ShaderSim is an instruction-level simulator for GPU ‘shaders’. The primary intention is to help debug/validate a shader and to visualize and help understand the execution of the shader. More attention has been given to the clarity and maintainability of the code, run-time performance comes secondary in this respect.

At the moment, only (a subset of) SPIR-V has been implemented. Support for other, compiled, shader formats (HLSL, Metal) might be added in the future.


A few months ago, I was playing around with ARB_gl_spirv and SPIR-V shaders as a prototype for an unrelated project. I found it somewhat difficult to understand what exactly was happening when a shader was executing. Looking around for a debugger that supported SPIR-V didn’t yield any usable results.

I was watching bitwise building computer systems from scratch, implementing his own programming language and RISC-V back-end. That was probably a big part of why I thought writing an SPIR-V simulator would be a fun way to spend some free time.

The goals I set for this project were:

  • implement an instruction-level simulator; I’m not looking to build a full-fledged GPU simulator
  • support SPIR-V at first but possibly extend to other shading languages (notably HLSL)
  • the core of the project should be easily integrated with other projects, so:
    • portable
    • self-contained, minimal external dependencies
    • no esoteric programming language

So I dusted off my trusty C99 compiler (not really) and started coding.

Current status

At the moment, the simulator successfully runs shaders that use a subset of SPIR-V. Notably, image types and atomic operations aren’t supported yet.

I started with a command line interface program to feed the simulator. It supports a unit test like operation, you specify input data and the expected output in a config file and the CLI runs the shader and compares the state of the output variables with the expected values.

But that does not really help with understanding or debugging a shader. I wanted to build something that behaves like a debugger, but I didn’t really feel like messing with curses or a cross-platform UI library (hello, dependency hell). I was starting to implement a web service (with civetweb to use with an in-browser front-end. But I didn’t want the hassle (and potential legal ramifications) of hosting the web service for a public demo. That’s when it struck me, why not use Emscripten to run the entire thing in the browser on the client side.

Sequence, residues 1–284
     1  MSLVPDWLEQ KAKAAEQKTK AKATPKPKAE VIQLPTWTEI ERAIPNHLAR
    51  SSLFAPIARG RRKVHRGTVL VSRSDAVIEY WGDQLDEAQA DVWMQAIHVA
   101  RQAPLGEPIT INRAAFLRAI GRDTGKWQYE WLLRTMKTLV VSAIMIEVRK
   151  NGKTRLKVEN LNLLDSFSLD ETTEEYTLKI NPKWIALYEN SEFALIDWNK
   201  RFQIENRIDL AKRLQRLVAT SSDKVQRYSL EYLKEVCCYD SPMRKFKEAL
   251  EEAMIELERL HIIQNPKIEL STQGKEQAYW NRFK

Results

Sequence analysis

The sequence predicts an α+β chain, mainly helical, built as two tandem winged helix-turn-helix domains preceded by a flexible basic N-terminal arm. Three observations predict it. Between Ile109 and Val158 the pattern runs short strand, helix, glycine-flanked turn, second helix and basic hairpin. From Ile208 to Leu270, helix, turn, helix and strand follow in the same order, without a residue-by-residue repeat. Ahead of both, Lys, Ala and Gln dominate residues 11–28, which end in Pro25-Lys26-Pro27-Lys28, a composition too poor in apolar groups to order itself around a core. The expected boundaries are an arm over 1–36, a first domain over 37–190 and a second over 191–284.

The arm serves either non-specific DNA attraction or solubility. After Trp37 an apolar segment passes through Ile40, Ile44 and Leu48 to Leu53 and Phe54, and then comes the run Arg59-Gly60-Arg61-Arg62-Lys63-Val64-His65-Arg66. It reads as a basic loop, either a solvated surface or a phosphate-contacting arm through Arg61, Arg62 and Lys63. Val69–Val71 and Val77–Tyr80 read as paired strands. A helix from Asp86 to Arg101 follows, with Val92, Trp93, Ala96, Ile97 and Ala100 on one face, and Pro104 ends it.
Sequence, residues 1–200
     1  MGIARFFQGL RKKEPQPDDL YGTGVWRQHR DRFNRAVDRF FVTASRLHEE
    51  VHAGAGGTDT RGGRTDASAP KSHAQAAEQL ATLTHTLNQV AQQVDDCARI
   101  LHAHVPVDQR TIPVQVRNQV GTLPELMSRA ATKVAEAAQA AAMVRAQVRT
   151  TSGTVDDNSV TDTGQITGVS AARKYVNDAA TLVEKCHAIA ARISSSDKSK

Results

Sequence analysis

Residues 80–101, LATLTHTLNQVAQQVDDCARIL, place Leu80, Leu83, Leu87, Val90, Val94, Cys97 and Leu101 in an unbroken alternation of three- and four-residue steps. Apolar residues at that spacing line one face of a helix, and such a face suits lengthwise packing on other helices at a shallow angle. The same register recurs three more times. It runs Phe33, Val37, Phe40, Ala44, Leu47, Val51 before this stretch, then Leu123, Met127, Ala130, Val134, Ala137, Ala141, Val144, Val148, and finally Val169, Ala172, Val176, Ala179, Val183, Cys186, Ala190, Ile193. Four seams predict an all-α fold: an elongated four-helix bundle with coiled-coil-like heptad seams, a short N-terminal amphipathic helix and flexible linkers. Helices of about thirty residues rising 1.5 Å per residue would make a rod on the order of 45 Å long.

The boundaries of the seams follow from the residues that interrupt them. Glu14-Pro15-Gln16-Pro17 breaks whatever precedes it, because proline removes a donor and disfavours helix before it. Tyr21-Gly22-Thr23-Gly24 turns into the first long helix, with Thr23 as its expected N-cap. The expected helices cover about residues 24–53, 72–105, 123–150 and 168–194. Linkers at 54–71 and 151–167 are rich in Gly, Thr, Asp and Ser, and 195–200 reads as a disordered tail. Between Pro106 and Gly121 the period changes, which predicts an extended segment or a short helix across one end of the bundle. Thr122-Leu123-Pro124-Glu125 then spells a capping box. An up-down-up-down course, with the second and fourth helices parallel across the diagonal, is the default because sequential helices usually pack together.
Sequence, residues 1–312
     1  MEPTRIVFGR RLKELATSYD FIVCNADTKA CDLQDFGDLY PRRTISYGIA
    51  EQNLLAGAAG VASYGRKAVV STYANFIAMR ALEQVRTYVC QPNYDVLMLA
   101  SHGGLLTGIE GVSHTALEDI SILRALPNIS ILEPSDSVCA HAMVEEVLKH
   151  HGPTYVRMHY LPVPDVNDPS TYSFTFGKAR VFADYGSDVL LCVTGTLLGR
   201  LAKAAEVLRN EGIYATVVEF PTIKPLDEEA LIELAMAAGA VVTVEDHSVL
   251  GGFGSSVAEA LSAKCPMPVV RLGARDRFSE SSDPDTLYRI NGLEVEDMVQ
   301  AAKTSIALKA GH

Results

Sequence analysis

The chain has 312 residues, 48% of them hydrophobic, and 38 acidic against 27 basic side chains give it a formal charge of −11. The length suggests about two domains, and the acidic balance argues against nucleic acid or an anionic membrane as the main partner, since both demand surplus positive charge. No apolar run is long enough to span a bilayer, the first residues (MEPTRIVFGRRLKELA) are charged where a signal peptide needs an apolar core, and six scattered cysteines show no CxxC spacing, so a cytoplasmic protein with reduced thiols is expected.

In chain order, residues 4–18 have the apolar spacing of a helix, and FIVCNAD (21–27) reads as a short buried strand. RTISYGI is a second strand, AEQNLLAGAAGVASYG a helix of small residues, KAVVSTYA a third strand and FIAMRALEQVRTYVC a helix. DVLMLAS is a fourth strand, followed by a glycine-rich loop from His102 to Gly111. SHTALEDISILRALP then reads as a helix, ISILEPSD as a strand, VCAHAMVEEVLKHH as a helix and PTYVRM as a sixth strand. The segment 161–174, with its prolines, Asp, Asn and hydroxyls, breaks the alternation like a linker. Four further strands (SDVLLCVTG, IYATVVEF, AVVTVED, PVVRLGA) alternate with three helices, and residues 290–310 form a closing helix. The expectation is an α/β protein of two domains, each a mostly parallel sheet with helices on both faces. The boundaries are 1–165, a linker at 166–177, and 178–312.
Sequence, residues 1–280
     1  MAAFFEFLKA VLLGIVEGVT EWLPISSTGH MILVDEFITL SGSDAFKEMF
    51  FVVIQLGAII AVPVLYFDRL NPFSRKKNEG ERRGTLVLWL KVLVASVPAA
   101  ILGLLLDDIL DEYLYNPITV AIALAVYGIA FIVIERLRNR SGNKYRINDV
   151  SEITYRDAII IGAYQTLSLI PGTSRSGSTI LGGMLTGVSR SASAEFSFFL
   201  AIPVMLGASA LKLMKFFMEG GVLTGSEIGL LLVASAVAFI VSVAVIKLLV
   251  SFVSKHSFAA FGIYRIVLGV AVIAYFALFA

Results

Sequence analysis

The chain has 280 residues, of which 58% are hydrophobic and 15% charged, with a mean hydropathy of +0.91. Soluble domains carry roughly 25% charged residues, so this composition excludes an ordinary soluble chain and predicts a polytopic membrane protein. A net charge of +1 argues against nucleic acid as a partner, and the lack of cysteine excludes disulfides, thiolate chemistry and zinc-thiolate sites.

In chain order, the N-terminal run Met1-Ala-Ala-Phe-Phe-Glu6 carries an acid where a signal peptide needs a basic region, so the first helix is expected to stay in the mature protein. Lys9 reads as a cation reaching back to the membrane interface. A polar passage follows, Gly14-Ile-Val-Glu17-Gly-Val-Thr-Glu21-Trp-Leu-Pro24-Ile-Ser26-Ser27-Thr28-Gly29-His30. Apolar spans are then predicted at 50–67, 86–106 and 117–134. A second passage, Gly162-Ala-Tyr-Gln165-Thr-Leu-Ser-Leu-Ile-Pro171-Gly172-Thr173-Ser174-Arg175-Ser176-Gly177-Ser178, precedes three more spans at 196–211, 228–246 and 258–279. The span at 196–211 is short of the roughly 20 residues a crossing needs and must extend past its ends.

And after some messing around with Emscripten (and dredging up my JavaScript skills), you can now try the ShaderSim UI here.

Design decisions

Instruction-level simulator written in plain C

I chose to build an instruction-level simulator because that seemed the fastest way to achieve the goals for the project. ShaderSim is simulating the perceived effect of an instruction. It’s not simulating a GPU at the hardware level.

Speed of execution is also a secondary concern, ease of implementation and maintenance is primary. An interpreter written in plain C checks those boxes best. I’m aware there are more performant ways of implementing the simulator, but these are not in the scope of the project ATM.

WebAssembly + JavaScript UI

I wanted a debugger-like UI that could easily be used be third-parties to check out the project. Compiling the ShaderSim library to WebAssembly with Emscripten allows me to keep all dependencies on the build side. At the client side, you only need a modern browser. And it provided a nice excuse to try out Emscripten, something I hadn’t come across earlier.

Implementing low-level primitives ourselves.

To keep the external dependencies to a minimum, I decided to implement the simple containers used in the project myself. Naturally, I first looked at the alternatives, but the number of available C libraries seemed too complicated for my purposes. At the moment there are two containers in the project: a dynamic array and an associative container using open addressing with linear probing.

Plans for the future

  • replace the JSON config files for the CLI with something more concise and code-like.
  • support HLSL
  • support missing SPIR-V features